What happened to Ms.? She tilted her head sideways noticing his long stride toward her. His build looked trimmer than a football player's, but beneath his T-shirt she recognized a solid swell of muscles. His frame would look appropriate on a basketball court.

"Ma'am, would you mind leaving the field?"

What happened to please?

"You're distracting the boys."

She what? She straightened, embarrassed at his comment but, more so, irritated. "Sorry, I would have run the track this morning when I drove here earlier, but then I had to fight off the band. Apparently that's when they practice." When he drew close enough for to her to see his face, her heart tripped.

His squint grew to a wide-eyed stare. "Whoa! This can't be Steely Neely?"

She couldn't believe this good-looking specimen was her friend Rainie's pesky kid brother. The only person she knew who would call her the concocted name was Jonny Turner. In the past, she would have shot out her typical insult, but "If it isn't the conehead" faded from her mind. When she looked into his handsome face, she had all she could do to keep her mouth from gaping as widely as his.

"Jonny Turner. You're kidding me." She gazed upward at the six-foot-plus hunk of man with the blue eyes she could never forget. Blue like a crystal lake. It had been Jonny's saving attribute, and she'd told him so years earlier.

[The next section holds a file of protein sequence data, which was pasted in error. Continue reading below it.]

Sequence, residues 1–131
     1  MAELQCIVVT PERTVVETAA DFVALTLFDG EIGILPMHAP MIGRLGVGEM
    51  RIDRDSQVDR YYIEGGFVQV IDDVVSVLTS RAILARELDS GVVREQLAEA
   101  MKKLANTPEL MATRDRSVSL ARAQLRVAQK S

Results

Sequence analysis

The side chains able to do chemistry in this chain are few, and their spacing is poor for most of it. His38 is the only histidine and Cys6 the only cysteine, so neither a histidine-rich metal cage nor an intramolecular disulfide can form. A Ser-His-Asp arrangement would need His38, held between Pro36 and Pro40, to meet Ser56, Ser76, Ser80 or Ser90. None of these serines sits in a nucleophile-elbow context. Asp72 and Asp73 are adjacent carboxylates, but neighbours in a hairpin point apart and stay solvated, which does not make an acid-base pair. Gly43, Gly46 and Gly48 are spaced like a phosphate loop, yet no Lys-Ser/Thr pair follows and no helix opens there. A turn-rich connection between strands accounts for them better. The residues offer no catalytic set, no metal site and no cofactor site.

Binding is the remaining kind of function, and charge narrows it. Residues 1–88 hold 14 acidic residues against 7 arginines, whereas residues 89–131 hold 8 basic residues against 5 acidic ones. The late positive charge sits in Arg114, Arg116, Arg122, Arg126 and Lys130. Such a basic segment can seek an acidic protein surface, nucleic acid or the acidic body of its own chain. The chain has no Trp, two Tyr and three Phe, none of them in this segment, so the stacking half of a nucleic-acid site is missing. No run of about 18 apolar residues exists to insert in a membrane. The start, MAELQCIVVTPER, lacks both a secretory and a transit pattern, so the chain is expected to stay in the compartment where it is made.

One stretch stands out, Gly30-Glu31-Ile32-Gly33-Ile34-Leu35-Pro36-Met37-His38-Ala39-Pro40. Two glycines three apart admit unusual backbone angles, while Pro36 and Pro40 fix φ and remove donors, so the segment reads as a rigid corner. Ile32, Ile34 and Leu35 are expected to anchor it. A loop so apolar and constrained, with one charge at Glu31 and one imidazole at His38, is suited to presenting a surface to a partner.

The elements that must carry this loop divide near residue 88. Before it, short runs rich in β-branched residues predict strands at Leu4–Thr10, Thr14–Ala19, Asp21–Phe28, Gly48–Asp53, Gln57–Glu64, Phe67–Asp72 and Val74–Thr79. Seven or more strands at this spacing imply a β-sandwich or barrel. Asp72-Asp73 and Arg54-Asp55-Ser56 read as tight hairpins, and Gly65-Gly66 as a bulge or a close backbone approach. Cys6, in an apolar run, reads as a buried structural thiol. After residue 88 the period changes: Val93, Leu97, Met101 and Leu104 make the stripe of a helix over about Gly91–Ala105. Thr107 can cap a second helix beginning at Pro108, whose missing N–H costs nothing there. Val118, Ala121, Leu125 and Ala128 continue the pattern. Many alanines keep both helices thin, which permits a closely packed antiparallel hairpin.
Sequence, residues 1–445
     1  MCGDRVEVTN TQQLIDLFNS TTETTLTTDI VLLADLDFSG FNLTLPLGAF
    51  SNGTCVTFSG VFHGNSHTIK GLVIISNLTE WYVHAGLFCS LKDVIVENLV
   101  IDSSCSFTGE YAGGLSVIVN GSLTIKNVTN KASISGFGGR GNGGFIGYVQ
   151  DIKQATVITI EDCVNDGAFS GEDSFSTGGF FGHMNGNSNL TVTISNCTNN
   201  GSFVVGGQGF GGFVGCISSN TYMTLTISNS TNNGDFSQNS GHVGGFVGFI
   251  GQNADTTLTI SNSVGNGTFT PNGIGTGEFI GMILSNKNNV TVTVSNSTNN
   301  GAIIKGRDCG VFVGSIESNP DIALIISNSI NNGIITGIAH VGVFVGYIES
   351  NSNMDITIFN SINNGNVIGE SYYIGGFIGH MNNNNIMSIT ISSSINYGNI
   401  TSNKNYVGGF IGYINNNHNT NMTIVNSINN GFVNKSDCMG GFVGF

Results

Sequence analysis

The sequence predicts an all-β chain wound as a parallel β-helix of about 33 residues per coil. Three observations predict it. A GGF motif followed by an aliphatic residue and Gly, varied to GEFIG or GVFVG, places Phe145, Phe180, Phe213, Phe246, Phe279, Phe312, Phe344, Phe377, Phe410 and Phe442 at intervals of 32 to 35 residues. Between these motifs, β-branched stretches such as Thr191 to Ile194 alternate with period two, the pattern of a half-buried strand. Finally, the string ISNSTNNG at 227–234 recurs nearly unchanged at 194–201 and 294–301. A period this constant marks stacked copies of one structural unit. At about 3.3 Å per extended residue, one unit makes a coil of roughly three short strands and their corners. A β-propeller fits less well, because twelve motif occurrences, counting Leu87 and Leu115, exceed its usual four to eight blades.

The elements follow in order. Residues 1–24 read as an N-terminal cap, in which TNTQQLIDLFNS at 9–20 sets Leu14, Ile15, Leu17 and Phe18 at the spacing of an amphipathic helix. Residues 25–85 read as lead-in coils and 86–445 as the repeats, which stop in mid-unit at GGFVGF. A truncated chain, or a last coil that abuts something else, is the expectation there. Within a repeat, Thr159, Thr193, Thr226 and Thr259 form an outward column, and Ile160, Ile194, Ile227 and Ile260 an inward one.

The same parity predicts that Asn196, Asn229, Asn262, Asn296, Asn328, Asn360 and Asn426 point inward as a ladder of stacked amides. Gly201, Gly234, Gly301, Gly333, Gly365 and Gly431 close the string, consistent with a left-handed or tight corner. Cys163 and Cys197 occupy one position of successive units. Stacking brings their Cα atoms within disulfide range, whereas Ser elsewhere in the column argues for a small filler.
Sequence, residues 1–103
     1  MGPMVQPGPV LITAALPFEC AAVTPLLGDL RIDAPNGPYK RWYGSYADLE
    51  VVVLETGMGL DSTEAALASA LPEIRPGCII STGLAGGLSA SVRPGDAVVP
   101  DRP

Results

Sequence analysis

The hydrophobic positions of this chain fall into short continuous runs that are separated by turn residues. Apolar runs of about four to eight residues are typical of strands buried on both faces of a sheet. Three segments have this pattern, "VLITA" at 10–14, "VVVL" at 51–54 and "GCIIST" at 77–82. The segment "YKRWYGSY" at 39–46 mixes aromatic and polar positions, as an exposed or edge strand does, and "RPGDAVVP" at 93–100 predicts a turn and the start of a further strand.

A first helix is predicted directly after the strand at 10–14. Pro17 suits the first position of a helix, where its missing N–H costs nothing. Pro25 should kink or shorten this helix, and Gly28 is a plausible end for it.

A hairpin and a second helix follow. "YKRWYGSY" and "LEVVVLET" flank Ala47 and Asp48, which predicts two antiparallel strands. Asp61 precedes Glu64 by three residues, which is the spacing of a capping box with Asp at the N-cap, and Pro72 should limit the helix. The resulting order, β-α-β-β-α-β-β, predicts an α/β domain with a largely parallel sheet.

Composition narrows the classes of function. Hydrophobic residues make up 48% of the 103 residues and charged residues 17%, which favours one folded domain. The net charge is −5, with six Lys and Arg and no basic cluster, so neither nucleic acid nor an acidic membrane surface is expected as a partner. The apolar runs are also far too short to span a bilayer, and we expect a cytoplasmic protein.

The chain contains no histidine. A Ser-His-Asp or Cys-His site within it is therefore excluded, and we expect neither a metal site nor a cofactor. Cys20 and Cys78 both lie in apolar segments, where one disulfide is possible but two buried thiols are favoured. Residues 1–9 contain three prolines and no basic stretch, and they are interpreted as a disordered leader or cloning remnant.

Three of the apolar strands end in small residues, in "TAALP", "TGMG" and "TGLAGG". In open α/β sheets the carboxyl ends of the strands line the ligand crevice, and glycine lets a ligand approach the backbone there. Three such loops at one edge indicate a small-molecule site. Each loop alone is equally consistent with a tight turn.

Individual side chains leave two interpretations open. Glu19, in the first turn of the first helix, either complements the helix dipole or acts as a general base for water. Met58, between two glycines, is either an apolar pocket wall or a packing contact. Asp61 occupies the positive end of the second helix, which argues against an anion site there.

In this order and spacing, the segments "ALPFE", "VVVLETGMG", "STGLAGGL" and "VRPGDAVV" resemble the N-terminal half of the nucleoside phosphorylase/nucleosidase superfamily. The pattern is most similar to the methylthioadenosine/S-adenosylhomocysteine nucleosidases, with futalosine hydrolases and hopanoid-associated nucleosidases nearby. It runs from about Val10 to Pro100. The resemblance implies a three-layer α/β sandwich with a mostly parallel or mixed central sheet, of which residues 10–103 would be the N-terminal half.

"How about Jonathan or Jon." He grinned, obviously enjoying her startled expression. "Jonny's long gone."

"Jon not Jonny? I don't know." She gave him a dubious look. "But here's a deal—only if you drop the ridiculous Steely Neely. It's stupid."

"No, it's accurate." He sent her a crooked smile. "Even when we were kids, I'd never known a person as determined as you are. You were as strong-willed as steel."

She rolled her eyes, hoping he got the point, but showing her usual disdain with him was losing the battle.

His grin remained as if he hadn't noticed her eye-rolls. "Sis told me you were back in town. And I hear you're her maid of honor."

Neely managed an agreeable nod, though she was still in a tailspin. Maid of honor seemed a sad title for a thirty-two-year-old woman. Most of her high school friends would expect her to be dubbed the matron of honor by now. But finding Mr. Right hadn't happened, not since her days with Erik Cross. She cringed. He'd been Mr. Wrong.

Jonny's eyes brightened. "And if I'm right, maid of honor means you're still—"